Russian Computer, written by Semezdin Mehmedinović, a poet, is one of those books which grow on you from the first lines. The book, a sort of an emotion-laden migration diary, had been created somewhat unintentionally and subsequently re-found and saved in an even more unintentional manner. Ruski kompjuter narrates about the fate not only of an intellectual but also every person in times of war and exile, as well as about the search for safety. It was created from August 1995 to August 1996, during the period when Semezdin Mehmedinović had left Sarajevo and decided to start his life anew. He seeks a place of that new beginning form Prague to Zagreb, via Phoenix and New York, all the way to Washington, where he still lives.
Eloquently and concisely, Russian Computer narrates about Sarajevo, about the siege and consequences of the war, and due to its potent poetic language it becomes one of the key books for the understanding of the 1990s. The fate of this remarkable text – poetic, dramatic, and emotion-laden – proves that manuscripts, in Bulgakov's words, don't burn, and this manuscript once again confirms that Semezdin Mehmedinović is one of the most vital and the best contemporary authors from these parts of the world.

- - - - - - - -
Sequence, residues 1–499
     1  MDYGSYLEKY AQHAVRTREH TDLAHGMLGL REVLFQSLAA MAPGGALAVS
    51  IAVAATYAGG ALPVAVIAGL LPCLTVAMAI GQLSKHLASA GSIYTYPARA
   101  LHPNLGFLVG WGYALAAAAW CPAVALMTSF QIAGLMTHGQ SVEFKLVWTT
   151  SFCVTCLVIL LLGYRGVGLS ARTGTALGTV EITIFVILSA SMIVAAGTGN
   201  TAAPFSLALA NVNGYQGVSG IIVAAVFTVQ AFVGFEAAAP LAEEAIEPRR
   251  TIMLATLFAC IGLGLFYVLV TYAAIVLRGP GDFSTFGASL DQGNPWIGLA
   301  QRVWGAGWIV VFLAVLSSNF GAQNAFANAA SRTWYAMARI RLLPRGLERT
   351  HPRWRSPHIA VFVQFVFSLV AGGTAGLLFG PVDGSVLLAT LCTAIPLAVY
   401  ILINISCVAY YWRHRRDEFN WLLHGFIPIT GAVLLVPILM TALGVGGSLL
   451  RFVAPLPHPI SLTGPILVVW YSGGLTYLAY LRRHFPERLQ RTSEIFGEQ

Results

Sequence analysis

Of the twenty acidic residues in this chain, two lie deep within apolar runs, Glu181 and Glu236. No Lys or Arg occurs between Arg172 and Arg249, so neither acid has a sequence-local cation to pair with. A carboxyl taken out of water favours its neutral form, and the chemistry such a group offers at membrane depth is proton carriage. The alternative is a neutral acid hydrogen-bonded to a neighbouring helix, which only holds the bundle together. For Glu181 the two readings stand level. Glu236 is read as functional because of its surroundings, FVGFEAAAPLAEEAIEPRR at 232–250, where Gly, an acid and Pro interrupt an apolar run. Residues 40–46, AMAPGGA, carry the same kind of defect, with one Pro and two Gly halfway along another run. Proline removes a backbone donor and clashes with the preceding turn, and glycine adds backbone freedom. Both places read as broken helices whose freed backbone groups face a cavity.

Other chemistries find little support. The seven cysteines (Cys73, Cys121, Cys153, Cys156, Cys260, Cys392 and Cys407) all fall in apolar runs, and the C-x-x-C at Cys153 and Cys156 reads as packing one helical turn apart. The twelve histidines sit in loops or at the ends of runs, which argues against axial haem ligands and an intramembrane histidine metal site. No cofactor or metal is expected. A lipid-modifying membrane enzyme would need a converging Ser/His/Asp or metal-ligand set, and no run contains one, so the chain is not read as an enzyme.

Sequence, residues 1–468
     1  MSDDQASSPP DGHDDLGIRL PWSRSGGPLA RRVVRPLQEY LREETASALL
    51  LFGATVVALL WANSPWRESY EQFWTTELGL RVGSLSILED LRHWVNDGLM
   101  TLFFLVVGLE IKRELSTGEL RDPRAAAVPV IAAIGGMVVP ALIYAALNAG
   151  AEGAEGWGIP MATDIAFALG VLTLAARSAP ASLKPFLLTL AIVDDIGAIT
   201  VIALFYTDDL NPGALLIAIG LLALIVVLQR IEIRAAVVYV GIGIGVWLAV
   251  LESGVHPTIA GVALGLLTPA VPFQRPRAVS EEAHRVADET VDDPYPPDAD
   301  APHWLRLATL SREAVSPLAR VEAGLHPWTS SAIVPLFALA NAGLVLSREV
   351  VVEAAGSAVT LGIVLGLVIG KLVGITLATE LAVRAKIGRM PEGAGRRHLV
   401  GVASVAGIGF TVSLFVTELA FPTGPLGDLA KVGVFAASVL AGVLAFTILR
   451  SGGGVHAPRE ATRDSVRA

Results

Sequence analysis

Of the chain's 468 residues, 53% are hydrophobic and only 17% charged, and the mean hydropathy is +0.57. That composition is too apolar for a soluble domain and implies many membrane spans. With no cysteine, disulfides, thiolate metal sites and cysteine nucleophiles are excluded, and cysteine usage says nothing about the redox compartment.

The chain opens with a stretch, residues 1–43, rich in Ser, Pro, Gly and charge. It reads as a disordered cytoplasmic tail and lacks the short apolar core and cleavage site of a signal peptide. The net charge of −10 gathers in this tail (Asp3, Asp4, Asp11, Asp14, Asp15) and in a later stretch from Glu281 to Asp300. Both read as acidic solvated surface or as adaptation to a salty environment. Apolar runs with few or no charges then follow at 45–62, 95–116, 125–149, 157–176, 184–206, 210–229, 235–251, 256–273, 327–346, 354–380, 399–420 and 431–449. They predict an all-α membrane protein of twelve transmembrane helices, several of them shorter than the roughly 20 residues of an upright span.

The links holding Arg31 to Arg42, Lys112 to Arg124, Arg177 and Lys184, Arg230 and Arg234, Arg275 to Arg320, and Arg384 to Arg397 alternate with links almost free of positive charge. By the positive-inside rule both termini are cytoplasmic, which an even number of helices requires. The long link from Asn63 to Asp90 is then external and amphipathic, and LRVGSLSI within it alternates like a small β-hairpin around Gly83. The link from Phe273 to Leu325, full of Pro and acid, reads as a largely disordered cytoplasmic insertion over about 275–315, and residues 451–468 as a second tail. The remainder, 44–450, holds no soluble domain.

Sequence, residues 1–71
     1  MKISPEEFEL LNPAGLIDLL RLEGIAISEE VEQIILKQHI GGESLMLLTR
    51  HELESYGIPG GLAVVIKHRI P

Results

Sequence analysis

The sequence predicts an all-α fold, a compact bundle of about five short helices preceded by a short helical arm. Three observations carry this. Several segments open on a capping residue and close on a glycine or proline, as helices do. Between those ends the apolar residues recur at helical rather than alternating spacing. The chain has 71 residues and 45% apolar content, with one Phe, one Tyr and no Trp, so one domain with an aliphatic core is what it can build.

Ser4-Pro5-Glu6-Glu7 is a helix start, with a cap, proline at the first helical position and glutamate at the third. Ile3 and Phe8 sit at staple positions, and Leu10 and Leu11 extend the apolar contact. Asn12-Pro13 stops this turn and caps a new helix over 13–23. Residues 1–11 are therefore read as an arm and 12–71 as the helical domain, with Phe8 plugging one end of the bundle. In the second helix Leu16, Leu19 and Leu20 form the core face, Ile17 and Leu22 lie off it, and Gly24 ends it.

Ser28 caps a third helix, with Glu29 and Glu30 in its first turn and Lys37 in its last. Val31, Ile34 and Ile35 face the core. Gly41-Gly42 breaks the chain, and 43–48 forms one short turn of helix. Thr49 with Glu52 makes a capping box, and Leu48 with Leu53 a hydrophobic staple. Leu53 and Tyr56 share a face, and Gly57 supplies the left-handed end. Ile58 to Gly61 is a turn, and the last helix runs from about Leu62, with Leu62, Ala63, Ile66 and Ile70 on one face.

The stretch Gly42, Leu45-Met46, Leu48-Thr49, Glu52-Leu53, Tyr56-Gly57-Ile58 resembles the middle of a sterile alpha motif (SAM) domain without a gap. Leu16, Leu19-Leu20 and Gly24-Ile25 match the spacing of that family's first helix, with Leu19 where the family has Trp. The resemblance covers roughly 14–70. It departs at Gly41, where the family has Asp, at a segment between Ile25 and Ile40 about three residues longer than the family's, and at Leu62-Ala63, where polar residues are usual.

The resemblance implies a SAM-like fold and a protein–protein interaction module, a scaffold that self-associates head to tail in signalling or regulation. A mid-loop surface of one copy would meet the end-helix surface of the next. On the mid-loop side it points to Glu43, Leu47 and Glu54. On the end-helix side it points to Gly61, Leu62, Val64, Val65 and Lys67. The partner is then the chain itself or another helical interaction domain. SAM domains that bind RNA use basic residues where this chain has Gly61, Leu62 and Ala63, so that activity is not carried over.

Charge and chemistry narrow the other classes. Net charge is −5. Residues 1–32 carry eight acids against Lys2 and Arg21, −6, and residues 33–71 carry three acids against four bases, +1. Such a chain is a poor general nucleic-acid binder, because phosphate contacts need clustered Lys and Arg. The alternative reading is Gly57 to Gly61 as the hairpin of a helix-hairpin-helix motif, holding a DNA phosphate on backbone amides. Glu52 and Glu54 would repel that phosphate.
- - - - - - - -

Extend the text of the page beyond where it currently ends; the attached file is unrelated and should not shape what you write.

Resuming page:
Rights sold to:
Hungary, József Attila Kör
Macedonia, I.P. Zojder
Turkey, Tekin Yayınevi